Thoughts on rationalism and the rationalist community from a skeptical perspective. The author rejects rationality in the sense that he believes it isn't a logically coherent concept, that the larger rationalism community is insufficiently critical of it's beliefs and that ELIEZER YUDKOWSKY IS NOT THE TRUE CALIF.

Cosmic Effective Altruism

How Cost Effective Is Informing ET?

A number of people have raised about intentionally trying to make contact with extraterrestrials. Most famously, Stephen Hawking famously warned that based on the history of first-contacts on Earth we should fear enslavement, exploitation or annihilation by more advanced aliens and the METI proposal to beam high powered signals into space has drawn controversy as well as criticism from David Brin for METI’s failure to engage in consultation with a broad range of experts.  However, I’ve noticed a distinct lack of consideration of the potential benefits to alien life as a result of such contact.

For instance, while the proposal to send the google servers might limit our ability to trade in the future it also potentially provides the aliens with whatever benefits they might get from our scientific insights or our historical experiences. For instance, if we were to receive a detailed account of alien society’s struggle with climate change on their planet that second piece of data could be invaluable in choosing our own course not to mention the benefit scientific advancements could offer.

Indeed, if, as many people seem to think, there is some extinction level disaster waiting for civilizations once they reach, or slightly surpass, our current level of technology then such preemptive broadcasts might be the only serious hope of getting at least one sapient species through this Great Filter. While it might be pretty unlikely that our transmission would start the chain of records from doomed civilizations that will eventually push one species past the filter the returns to utility from such an outcome are so massive that such considerations might well outweigh any effect on humanity in the utility calculus.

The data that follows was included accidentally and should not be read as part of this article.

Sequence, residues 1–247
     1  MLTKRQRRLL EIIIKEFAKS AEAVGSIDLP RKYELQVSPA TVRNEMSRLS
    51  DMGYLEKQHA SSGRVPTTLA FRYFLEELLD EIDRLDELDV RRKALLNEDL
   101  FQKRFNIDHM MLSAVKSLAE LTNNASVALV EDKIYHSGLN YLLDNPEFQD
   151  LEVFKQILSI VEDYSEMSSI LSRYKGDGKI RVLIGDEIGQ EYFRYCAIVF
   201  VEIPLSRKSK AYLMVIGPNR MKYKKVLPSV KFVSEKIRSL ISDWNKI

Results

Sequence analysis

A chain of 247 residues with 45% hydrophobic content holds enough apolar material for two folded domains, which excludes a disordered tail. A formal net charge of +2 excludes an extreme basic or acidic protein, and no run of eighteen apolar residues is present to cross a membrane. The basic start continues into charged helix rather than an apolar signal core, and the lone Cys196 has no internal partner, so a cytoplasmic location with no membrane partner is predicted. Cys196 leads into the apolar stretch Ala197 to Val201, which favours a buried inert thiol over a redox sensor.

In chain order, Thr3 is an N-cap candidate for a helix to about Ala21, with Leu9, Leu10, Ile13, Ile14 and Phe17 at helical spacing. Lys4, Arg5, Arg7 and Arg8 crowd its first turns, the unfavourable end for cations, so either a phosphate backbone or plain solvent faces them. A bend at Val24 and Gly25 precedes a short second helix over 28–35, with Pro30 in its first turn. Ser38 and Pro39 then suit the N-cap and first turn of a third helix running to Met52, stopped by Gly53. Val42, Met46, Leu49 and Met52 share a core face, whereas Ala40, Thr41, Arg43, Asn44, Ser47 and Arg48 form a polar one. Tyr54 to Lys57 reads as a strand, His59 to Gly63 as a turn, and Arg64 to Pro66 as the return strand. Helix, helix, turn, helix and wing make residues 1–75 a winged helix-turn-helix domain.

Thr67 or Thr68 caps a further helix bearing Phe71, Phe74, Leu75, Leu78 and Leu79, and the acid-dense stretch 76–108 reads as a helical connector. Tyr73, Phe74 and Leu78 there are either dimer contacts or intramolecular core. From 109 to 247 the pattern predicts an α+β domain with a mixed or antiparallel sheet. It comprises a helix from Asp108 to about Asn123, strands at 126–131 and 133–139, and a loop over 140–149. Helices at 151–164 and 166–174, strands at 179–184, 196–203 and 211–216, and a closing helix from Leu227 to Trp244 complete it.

Anyway, given the huge potential upside (even if unlikely) of an intervention which might improve life across the entire galaxy (even if at very low probability) I was wondering if anyone has done even back of the envelope calculations to estimate how funding projects trying to transmit useful data to extraterrestrials compares to the cost effectiveness of more earthly projects.

Cross posted at the Effective Altruism Forum

Wondering About MRIs

How can all 3 of these things be true:
1. MRIs are super expensive to get.
2. MRIs don’t require a doctor or other very highly trained operator.
3. Many MRIs don’t run 24 hours a day.

I mean if the cost of MRI is about amortizing the high cost of the machine then not being open 24 hours/day is a huge loss of profit to the operator. Given that major metropolitan centers have multiple MRI machines (including ones not connected to hospitals) it can’t simply be that demand is limited by geography (i.e. one could save money by buying fewer machines and running them all night).

Even if MRI operators need to be more highly trained than I suppose note that the cost of an MRI is orders of magnitude beyond that of similar time with a MD so the cost of paying the operator is a small fraction of the total charged cost.

Is this some kind of huge economic failure induced by insurance?